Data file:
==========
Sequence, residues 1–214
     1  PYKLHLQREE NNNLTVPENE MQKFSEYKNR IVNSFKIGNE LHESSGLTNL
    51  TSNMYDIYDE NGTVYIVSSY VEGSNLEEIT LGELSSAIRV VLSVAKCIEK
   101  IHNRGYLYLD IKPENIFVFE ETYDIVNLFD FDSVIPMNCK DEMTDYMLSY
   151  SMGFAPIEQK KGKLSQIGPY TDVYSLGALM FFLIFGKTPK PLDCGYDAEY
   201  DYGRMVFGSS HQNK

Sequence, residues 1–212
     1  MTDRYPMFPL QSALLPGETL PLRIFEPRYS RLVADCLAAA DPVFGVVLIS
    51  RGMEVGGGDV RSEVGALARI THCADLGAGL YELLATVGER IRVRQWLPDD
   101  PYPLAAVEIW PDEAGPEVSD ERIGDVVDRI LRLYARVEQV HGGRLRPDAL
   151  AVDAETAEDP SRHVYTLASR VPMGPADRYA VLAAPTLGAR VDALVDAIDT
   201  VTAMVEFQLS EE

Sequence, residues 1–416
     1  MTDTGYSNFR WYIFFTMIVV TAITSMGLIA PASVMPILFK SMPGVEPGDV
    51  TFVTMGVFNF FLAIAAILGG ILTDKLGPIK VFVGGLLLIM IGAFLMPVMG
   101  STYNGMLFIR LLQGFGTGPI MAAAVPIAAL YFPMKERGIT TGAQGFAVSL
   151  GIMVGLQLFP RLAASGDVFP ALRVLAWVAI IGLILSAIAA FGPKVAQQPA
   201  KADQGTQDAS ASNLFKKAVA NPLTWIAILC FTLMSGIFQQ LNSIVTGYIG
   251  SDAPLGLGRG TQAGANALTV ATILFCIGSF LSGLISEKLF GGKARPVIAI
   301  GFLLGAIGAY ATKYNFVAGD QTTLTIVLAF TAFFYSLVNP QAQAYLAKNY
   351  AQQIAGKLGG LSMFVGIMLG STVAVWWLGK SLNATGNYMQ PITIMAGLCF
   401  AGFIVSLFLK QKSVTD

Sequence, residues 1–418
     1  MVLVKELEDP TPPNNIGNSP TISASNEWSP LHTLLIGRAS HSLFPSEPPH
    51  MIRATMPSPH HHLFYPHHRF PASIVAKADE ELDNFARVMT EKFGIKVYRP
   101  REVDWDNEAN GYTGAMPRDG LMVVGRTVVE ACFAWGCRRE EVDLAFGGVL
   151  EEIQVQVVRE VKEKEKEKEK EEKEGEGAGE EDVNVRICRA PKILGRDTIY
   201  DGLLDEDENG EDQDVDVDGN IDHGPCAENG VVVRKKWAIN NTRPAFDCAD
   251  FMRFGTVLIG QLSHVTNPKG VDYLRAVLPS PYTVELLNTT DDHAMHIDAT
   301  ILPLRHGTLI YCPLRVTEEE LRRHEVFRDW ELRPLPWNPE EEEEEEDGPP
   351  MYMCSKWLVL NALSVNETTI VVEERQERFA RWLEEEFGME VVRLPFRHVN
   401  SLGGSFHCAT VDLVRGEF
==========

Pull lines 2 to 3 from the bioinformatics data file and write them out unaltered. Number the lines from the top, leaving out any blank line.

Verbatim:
     1  PYKLHLQREE NNNLTVPENE MQKFSEYKNR IVNSFKIGNE LHESSGLTNL
    51  TSNMYDIYDE NGTVYIVSSY VEGSNLEEIT LGELSSAIRV VLSVAKCIEK